Got Grass? How to Manage Your Turf Grass After the Snow Melts?

Please join Arlington Virginia Cooperative Extension for our spring Turf Management program presented by Dr. Mike Goatley on Tuesday March 11 from 7-9 PM at the Arlington Mills Community Center, 909 S Dinwiddie St, Arlington, VA 22204

Register to attend the Turf Management program by calling the Horticulture Help Desk at 703 228 6414 or email with Turf Management in the subject line.

Soil Test
Soil Testing is a valuable way to ensure that you are providing optimal growing conditions for your plants and will help you to reduce your costs and reduce nutrient runoff in our Chesapeake watershed.

Soil Sample Boxes and Test Process

  • Pick up soil sampling box at the Virginia Cooperative Extension Arlington and Alexandria offices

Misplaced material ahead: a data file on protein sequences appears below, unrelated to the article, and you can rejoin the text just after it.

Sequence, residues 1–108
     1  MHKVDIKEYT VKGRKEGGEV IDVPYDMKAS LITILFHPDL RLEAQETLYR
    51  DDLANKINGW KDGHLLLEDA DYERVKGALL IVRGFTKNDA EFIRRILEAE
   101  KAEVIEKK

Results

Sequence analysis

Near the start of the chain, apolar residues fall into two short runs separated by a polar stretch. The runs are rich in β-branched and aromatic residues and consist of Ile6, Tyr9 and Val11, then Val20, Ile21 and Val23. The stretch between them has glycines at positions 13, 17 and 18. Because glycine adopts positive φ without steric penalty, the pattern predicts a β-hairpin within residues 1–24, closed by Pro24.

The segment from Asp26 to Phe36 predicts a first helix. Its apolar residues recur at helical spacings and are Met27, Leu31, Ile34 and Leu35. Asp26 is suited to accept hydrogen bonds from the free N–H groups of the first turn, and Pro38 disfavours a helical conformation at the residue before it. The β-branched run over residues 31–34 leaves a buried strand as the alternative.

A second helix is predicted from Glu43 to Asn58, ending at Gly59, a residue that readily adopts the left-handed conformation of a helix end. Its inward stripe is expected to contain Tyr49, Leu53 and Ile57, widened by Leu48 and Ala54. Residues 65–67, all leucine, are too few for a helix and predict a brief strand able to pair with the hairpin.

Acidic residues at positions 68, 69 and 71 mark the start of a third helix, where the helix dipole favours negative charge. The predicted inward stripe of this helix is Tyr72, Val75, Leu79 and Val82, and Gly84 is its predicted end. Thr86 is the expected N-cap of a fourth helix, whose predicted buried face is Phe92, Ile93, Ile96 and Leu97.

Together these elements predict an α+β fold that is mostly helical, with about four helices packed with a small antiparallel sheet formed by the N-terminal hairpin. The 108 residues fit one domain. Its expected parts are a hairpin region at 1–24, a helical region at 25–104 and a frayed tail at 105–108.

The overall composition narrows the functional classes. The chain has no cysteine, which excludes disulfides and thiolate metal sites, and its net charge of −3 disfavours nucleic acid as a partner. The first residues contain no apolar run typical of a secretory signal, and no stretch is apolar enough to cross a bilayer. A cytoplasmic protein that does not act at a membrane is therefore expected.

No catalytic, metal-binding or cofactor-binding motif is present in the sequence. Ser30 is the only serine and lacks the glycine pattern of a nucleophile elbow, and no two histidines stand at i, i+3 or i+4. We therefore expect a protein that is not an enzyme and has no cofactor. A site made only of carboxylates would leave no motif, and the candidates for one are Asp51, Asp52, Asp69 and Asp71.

• Fill box with soil samples
  • Send soil sample box with form and fee to the Virginia Tech Lab for analysis and recommendations of nutrients to condition your plants whether vegetables, ornamentals or turf grass
  • In a few days, the Virginia Tech Lab will respond with email or fax with analysis of your soil sample and what is needed to condition optimally for your plantings

Nutrient Care for Lawn Service Providers
The over-application of garden/lawn nutrient applications is a major contributor to nutrient runoff to the Chesapeake Bay. If you hire a lawn care provider, help ensure that they are applying fertilizer as prescribed by actual soil results for your property: Nutrient Care for Lawn Service Providers:

Whether you look after a lawn and turf grass yourself or hire a lawn care service, Dr Mike Goatley will give you plenty of cost-effective advice to ensure you can manage your lawn and turf grass to help reduce the impact on the Chesapeake Bay.